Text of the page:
afternoon aged Aisle ancient appearance arch BAPTISMS beautiful birds Bishop BLACKWELL Books Boys building built BURIALS called Cathedral Chancel Charles Choir Church Services close clothes continued daughter death doubt Dunsden Earley early Elizabeth England English feel four friends George give given half-past hand held Henry Holy hope hundred interest James John July June kind King land late lived LONDON STREET look Lord Magazine March Mary means meet memory mentioned Miss month monument morning natural never notice o'clock once Palmer persons present PRINTED reach readers READING received remains round Saints School seems seen Services side Sonning Church SONNING Parish Magazine South stone Sunday taken things thought village wall whole Woodley
Page 3 - Can I see another's woe, And not be in sorrow too? Can I see another's grief, And not seek for kind relief? Can I see a falling tear, And not feel my sorrow's share? Can a father see his child Weep, nor be with sorrow fill'd? Can a mother sit and hear An infant groan, an infant fear? No, no! never can it be!
Page 5 - How oft do they their silver bowers leave To come to succour us, that succour want ? How oft do they with golden pinions cleave The flitting skies, like flying pursuivant Against foul fiends, to aid us militant? They for us fight, they watch and duly ward, And their bright squadrons round about us plant, And all for love and nothing for reward, O why should heavenly God to men have such regard *." This agrees with what is recorded of St.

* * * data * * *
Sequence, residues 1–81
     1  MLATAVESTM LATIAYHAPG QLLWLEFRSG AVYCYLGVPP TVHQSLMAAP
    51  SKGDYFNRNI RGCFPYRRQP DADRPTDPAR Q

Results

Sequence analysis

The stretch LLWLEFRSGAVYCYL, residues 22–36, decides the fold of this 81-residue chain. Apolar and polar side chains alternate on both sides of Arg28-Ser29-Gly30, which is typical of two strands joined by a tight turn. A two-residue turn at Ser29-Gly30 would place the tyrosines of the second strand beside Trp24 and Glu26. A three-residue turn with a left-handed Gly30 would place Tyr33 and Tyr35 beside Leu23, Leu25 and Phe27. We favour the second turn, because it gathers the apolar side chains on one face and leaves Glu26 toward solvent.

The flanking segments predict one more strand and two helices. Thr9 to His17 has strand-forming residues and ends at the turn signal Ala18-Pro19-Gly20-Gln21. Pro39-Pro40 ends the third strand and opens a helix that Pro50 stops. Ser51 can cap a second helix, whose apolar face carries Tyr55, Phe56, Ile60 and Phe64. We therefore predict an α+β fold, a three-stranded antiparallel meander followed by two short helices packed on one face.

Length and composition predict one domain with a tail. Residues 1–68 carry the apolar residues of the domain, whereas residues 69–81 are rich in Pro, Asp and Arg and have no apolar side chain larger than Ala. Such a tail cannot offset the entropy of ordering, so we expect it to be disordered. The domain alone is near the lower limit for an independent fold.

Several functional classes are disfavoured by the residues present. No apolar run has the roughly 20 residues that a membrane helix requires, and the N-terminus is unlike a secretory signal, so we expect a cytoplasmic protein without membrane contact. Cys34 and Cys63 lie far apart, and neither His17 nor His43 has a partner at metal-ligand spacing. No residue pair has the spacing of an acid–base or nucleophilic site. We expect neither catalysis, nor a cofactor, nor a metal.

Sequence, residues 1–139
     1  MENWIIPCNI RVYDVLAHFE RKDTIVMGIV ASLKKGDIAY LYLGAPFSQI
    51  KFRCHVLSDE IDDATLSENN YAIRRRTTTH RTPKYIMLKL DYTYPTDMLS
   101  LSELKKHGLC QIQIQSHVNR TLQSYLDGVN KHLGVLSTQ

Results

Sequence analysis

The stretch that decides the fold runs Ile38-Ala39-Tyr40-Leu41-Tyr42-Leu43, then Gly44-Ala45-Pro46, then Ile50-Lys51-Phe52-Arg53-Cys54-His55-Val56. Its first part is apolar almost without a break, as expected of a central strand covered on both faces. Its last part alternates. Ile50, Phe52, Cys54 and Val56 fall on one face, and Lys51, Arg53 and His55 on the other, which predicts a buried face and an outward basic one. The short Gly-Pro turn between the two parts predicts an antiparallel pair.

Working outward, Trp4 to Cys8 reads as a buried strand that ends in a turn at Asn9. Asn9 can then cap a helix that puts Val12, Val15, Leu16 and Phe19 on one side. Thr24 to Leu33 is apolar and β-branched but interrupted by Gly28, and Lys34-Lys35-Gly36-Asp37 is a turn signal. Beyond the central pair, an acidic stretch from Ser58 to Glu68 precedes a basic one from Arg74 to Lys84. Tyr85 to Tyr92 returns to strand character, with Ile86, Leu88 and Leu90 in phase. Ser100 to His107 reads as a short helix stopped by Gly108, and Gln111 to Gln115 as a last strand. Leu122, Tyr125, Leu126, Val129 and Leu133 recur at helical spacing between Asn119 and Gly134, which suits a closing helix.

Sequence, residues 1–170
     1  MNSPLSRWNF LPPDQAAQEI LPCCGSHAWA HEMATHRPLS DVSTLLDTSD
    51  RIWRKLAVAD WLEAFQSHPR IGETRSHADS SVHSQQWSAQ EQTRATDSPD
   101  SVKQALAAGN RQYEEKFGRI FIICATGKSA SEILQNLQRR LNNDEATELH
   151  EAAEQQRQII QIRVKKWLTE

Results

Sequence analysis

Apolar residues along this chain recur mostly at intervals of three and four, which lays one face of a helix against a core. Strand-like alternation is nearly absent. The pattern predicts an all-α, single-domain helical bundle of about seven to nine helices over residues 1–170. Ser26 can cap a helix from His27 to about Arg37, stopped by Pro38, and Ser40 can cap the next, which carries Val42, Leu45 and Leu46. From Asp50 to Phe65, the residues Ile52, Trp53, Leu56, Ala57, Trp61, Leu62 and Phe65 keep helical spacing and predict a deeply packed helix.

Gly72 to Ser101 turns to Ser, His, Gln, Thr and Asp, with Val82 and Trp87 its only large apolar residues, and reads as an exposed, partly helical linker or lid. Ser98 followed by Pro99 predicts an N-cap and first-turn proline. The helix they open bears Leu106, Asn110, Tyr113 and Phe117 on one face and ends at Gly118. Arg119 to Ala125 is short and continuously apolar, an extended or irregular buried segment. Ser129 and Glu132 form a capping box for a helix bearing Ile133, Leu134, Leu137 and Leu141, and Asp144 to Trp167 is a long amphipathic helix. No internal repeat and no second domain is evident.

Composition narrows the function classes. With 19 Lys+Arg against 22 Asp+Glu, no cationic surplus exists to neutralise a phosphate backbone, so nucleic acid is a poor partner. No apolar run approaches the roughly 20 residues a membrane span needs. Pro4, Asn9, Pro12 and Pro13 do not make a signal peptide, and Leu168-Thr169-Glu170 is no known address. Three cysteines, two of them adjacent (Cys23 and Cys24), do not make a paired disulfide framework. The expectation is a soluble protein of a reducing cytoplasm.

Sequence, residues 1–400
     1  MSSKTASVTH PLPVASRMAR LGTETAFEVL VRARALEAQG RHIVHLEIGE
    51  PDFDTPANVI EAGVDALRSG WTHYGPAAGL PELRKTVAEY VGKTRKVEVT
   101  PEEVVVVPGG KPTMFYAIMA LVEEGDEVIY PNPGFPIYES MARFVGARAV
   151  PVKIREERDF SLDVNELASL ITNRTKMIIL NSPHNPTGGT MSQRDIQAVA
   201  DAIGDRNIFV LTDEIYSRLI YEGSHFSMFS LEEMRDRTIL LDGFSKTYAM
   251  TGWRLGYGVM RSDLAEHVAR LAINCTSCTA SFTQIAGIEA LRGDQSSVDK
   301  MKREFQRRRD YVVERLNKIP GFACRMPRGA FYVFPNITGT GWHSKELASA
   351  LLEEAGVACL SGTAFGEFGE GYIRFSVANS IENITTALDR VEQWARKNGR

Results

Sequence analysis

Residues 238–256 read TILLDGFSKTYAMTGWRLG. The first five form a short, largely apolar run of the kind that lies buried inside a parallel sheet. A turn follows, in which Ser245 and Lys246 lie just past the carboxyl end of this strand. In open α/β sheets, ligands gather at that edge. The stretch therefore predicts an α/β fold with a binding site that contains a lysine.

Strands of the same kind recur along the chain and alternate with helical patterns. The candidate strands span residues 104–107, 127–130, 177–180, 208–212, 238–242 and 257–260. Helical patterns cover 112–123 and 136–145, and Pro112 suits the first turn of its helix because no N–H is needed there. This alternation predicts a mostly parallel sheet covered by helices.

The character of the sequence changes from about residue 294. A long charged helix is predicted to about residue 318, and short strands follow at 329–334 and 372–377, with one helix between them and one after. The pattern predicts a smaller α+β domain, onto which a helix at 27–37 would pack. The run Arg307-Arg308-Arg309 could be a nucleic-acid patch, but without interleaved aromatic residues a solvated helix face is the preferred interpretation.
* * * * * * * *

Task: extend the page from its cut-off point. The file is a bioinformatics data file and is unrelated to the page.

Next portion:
Page 3 - No, no! never can it be! Never, never can it be! And can he who smiles on all Hear the wren with sorrows small, Hear the small bird's grief...
Page 18 - But let my due feet never fail To walk the studious cloister's pale, And love the high embowed roof, With antique pillars massy proof, And storied windows richly dight, Casting a dim religious light.
Page 5 - O the exceeding grace Of highest God that loves his creatures so, And all his works with mercy doth embrace, That blessed Angels he sends to and fro To serve to wicked man, to serve his wicked foe. How oft do they their silver bowers leave, To come to succour us that succour want ; How oft do they with golden pinions cleave The flitting skies like flying pursuivant, Against foul friends to aid us militant.
Page 5 - How oft do they their silver bowers leave, To come to succour us that succour want ! How oft do they with golden pinions cleave The flitting skies like flying pursuivant, Against foul fiends to aid us militant ! They for us fight ; they watch and duly ward, And their bright squadrons round about us plant ; And all for love and nothing for reward : Oh why should heavenly God to men have such regard) THE SEASONS.